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Left wingers juvenile at inauguration

Unlike the right-leaning crowd at Bush’s inauguration eight years ago, the leftist throngs attending Obama’s inauguration booed the outgoing president and vice-president – and their wives, too.

That’s the political left in a nutshell: juvenile and classless.

Mark Kalinowski

New York, N.Y.

China’s only concern is about China

Timothy F. Geithner, the Treasury secretary, said China is manipulating its currency, making the value of the Chinese yuan too low. This created fears that China, angered by Geithner’s statement, would sell off some of its huge reserves of dollars.

The fears are unfounded. Were China to sell off its dollars, the value of dollars would fall relative to the value of the yuan. A weaker dollar would make imports from China less price-attractive – exactly what America wants and what China does not want.

This fear is related to another unfounded concern – that China will find a reason to stop buying U.S. debt.

Let’s get this straight. China does not buy our T-securities out of kindness. It buys them because U.S. T-securities still are the safest investment in the world. The microsecond that China feels our T-securities are not good investments, it will stop buying them – not out of pique, but for investment reasons.

And what if China were to sell our dollars or to stop buying our debt? America could reverse the inflationary effect of such actions simply by raising interest rates. This would strengthen the dollar and bring in new buyers for our debt. Problem solved.

It’s time our leaders stopped worrying about being at the mercy of China’s good will. China needs us more than we need them, and they are not going to cut their noses to spite their faces – especially since we easily can deal with such nose-cutting.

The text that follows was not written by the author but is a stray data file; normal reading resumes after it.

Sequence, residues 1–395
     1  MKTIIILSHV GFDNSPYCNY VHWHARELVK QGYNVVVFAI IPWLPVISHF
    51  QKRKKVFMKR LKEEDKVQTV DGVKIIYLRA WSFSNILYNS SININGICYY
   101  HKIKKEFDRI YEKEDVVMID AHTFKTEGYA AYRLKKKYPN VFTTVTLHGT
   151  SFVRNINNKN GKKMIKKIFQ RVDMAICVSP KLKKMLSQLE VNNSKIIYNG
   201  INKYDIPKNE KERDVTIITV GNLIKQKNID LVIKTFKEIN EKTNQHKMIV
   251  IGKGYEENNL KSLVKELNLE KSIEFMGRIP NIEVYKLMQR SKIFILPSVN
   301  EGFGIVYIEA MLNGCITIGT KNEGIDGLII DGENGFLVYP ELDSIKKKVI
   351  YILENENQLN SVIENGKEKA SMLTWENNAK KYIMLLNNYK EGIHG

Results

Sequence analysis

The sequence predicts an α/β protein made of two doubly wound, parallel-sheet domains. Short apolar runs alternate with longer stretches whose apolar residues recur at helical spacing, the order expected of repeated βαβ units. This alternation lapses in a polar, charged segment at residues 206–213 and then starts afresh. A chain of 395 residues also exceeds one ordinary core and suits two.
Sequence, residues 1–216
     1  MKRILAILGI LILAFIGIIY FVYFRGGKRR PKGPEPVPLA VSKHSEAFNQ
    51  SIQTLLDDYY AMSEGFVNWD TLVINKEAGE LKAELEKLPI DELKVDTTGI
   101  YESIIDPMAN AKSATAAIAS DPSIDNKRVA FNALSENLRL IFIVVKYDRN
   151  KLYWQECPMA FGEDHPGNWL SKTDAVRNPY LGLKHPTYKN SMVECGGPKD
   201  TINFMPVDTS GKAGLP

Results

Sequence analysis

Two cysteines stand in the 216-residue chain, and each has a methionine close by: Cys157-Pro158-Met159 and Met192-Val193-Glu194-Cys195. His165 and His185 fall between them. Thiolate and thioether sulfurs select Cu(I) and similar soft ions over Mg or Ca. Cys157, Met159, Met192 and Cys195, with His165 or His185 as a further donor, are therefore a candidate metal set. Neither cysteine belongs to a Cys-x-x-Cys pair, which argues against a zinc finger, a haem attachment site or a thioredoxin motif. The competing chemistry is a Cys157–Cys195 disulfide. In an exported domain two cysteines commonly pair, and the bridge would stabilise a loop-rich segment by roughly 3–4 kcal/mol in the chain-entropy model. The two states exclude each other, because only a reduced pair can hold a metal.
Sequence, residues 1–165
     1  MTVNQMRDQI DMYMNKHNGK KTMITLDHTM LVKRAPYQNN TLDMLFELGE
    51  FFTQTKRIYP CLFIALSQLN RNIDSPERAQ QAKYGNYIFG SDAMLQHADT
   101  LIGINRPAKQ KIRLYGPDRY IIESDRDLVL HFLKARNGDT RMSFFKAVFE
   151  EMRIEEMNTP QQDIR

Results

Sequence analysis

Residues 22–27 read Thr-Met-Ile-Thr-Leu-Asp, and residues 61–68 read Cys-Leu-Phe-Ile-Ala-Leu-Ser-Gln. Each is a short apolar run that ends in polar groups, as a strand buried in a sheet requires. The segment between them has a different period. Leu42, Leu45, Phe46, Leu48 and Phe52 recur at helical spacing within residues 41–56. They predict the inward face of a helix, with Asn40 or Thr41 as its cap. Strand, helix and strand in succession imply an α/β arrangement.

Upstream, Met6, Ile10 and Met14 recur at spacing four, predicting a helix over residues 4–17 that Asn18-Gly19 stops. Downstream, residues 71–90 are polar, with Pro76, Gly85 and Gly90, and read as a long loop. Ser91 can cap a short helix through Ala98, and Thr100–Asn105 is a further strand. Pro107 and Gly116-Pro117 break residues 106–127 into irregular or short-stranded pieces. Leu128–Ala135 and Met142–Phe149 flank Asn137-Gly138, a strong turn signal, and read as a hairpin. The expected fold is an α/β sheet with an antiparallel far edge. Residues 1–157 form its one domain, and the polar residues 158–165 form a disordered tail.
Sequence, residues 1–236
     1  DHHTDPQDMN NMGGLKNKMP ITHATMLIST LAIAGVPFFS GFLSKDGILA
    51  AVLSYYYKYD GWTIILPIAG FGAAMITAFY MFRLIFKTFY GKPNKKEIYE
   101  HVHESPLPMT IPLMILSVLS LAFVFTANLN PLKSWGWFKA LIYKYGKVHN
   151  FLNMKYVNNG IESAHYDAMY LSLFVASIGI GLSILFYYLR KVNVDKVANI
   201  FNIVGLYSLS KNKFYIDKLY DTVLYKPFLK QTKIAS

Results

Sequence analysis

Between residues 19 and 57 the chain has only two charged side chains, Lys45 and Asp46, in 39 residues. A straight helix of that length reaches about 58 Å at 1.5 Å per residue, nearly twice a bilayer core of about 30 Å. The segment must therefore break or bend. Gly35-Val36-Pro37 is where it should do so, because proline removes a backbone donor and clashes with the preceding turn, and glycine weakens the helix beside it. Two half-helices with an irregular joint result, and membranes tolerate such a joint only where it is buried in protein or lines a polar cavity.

We do not have China’s good will, so we cannot lose it. China always has, and always will, do what is in their best interest, Tim Geithner not withstanding.

Rodger Malcolm Mitchell

Wilmette, Ill.

Education needed to stop overdoses

Heath Ledger’s posthumous Oscar nomination, falling on the one-year anniversary of his death, is a wake-up call to all of us.

We need to start talking about the preventable tragedy of overdose and the need for more education and outreach to people at risk. We, as a country, have been far too silent about this hidden crisis for far too long.

We should be talking about how, according to the Centers for Disease Control, alcohol and drug overdose are the No. 1 one injury-related cause of death among people ages 35 to 54.

We should be talking about the more than 22,000 Americans who die every year from accidental overdose and that the majority of those deaths occur among people using prescription drugs.

Maybe we don’t talk about it because of the terrible and persistent stigma associated with fatal drug overdose. Silence and stigma kill people – just ask the earliest activists for AIDS awareness and prevention.

Maybe if people knew about the lifesaving drug Naloxone – which immediately reverses opioid overdose and is cheap, easy to use and effective – they’d feel more comfortable talking about overdose prevention.

Let’s take this opportunity to finally start a conversation about the many ways we can prevent more deaths in the future. Let’s bring the topic out in the open so we can finally work toward putting an end to this tragedy.

We can’t bring Heath Ledger back, but we can make sure his death was not in vain by finally bringing overdose prevention into the spotlight where it belongs.

Meghan Ralston and Heather Edney


The Los Angeles County Overdose Prevention Task Force

Los Angeles

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